So for me, I’d suggest 1) that the “successful” and consistent application of COIN doctrine in Afghanistan will not necessarily achieve “victory” (such as it were), and 2) that “victory” in Afghanistan will not necessarily make the requisite contribution to American security or interests to justify the costs of our involvement there.

  • The two parts of my response actually need to be considered together. What I have heard people say is that if we follow 3-24 diligently then any failure that occurs will be simply due to either chance or some exogenous factor such as lack of cooperation from the local government. That, in other words, there is no strategic gap that might be exploitable by enemy action, but rather that there are some factors beyond the control of the counter-insurgent force that might prevent success from occurring. Exum has made this argument numerous times in writing, for one.

    But I also think this is the clear implication of 3-24. I mean, look at the chapters 4 and 5 — on designing and executing COIN campaigns and operations, look at the LLOs — where is the adversary there? Everything is targeted at the local population. It is like the enemy does not even exist. He is purely epiphenomenal to the purported legitimacy gap. The nature of the subject population is clearly very important — though largely assumed to be maleable through the provision of material goods. The subject of the enemy receives the most cursory and generic treatment.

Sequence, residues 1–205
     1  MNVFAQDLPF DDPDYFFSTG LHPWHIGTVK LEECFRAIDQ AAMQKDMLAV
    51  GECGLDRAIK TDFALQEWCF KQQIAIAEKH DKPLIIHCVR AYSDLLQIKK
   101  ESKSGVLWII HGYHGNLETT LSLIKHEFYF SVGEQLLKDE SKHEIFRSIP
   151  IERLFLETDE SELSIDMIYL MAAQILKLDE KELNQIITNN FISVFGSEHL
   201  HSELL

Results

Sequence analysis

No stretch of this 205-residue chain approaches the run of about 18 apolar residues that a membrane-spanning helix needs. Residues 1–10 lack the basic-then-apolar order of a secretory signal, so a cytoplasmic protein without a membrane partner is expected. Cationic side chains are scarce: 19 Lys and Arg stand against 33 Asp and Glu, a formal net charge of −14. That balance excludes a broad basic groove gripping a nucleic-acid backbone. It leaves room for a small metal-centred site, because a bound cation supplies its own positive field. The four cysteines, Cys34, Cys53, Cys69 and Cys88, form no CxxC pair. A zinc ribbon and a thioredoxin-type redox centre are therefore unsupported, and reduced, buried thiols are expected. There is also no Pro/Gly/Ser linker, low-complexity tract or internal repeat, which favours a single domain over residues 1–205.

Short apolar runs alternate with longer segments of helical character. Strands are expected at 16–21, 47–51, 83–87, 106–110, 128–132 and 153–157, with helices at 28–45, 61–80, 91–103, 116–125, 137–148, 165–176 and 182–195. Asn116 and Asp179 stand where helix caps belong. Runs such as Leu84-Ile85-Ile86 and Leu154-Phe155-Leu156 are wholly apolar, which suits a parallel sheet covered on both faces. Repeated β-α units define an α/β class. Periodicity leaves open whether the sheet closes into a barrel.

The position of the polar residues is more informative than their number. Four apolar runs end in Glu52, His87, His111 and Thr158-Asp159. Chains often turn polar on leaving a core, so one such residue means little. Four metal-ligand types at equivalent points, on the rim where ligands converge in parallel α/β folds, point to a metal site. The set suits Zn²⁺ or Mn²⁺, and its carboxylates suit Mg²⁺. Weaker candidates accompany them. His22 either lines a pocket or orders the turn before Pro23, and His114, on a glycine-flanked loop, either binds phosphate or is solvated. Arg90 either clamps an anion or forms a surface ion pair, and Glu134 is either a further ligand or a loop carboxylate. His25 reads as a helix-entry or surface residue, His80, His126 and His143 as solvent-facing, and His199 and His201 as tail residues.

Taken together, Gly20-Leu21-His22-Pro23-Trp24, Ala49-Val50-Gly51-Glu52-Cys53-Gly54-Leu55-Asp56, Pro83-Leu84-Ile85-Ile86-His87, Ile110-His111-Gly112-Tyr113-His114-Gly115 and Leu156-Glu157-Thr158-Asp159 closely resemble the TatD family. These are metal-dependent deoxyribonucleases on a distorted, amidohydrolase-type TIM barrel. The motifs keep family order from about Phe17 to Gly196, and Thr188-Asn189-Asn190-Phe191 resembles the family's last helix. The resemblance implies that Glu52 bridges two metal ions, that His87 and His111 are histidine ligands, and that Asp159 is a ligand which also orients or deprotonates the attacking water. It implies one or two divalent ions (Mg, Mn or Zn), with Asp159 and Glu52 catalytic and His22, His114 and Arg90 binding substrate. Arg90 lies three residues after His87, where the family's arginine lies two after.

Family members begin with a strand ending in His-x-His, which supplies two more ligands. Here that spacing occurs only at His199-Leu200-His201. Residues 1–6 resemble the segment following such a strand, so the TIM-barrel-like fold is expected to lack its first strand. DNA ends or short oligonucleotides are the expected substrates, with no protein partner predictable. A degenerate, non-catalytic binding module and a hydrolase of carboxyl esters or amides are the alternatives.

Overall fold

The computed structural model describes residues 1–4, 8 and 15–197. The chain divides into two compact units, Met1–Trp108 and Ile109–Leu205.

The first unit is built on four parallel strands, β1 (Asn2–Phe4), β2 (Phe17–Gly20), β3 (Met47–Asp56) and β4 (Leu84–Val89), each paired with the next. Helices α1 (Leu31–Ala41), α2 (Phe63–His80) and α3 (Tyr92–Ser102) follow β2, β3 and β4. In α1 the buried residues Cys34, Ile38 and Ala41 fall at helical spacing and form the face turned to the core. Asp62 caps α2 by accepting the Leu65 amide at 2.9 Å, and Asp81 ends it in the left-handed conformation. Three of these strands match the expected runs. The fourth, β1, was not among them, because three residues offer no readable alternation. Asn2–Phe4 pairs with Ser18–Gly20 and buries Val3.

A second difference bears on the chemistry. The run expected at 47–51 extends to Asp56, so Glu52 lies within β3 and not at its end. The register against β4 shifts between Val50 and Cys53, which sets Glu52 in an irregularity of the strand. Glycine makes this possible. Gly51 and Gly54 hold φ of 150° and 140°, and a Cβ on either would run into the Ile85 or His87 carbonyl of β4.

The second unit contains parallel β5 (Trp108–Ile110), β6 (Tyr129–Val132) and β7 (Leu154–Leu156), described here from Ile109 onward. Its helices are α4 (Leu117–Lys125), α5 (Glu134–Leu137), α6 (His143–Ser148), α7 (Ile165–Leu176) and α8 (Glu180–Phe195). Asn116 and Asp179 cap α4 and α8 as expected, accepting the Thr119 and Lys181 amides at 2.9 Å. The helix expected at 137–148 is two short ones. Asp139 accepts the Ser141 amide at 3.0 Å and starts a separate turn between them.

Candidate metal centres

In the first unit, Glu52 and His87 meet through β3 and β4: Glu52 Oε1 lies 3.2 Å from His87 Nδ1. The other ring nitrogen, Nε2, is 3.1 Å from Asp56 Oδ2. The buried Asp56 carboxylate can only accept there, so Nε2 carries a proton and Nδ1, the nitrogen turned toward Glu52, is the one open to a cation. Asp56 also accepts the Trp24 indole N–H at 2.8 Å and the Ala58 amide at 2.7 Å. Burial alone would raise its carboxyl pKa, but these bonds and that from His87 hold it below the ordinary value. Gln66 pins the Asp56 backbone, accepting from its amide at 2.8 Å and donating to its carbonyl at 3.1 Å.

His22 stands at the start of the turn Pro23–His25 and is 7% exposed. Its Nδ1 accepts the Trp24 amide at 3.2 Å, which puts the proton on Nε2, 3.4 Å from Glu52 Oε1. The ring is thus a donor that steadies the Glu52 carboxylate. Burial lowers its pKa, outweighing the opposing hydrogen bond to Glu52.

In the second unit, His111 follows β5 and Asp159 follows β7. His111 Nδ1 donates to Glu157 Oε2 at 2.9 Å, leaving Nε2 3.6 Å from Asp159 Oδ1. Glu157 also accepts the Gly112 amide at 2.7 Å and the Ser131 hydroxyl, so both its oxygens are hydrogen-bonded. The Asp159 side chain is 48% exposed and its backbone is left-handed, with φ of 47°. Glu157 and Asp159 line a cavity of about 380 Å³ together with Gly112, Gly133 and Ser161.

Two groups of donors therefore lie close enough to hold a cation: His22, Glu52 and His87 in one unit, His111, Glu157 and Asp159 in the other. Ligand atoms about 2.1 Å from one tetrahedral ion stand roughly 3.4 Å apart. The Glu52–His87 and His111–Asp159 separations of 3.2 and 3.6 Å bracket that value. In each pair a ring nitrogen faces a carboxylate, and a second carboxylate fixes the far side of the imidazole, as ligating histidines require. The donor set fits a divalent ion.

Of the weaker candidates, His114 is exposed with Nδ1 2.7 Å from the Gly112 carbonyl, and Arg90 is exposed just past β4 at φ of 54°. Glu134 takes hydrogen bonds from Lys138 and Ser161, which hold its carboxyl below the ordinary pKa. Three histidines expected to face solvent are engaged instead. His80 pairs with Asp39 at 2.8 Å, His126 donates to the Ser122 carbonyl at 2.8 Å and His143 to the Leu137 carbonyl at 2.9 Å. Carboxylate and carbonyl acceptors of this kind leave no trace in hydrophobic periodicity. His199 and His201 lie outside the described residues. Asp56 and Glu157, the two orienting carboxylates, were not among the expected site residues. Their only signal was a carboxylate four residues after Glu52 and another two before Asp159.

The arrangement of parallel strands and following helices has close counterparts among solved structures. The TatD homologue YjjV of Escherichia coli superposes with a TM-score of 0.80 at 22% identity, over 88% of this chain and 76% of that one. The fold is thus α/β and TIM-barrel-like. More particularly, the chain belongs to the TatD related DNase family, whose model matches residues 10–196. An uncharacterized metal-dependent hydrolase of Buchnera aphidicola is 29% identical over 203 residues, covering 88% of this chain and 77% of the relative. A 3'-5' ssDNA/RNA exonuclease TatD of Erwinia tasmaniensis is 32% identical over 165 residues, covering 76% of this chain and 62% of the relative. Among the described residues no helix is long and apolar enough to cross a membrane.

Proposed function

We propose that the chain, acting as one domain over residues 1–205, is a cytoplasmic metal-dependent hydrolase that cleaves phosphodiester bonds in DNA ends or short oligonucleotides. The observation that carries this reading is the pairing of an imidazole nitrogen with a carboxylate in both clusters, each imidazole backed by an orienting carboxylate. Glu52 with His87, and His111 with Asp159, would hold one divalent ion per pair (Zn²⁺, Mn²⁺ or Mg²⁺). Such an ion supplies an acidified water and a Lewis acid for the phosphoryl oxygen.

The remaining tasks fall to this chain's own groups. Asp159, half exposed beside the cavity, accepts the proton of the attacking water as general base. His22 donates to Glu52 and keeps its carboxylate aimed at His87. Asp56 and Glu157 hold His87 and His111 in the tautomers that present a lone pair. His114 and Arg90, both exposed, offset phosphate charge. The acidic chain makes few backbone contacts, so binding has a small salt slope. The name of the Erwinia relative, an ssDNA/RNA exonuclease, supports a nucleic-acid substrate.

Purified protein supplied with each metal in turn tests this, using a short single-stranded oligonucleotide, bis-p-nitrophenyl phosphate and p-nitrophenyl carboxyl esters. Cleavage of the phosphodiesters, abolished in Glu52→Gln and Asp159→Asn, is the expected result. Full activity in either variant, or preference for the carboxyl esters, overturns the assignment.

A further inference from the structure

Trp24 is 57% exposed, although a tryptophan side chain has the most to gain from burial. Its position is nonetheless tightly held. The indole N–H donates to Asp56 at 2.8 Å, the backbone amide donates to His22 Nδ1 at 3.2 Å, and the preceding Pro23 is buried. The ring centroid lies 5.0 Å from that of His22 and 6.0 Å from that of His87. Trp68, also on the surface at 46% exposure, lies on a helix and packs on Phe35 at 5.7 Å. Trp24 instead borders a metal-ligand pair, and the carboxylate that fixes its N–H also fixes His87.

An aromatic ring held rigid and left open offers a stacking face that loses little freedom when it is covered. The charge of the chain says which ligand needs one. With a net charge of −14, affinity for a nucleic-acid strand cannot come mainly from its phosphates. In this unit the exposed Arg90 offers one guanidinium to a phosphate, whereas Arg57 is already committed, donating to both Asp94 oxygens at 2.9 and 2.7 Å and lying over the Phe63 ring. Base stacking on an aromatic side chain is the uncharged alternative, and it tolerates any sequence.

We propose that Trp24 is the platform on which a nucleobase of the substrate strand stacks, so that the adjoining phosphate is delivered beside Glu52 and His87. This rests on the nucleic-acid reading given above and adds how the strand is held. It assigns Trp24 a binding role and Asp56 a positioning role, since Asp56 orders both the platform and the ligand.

I may be misreading or misunderstanding 3-24. And indeed, you could certainly cobble together individual passages on, say, intelligence gathering that are more enemy-focused. But even the broad categorizations of potential enemy behavior has no clear implications for how operations should be designed or executed.

  • […] no amount of arms or assistance would stop it from happening. In fact, Finel himself has already made the case: […] In many ways we underestimate the Taliban. This is an extraordinary movement. It rose from […]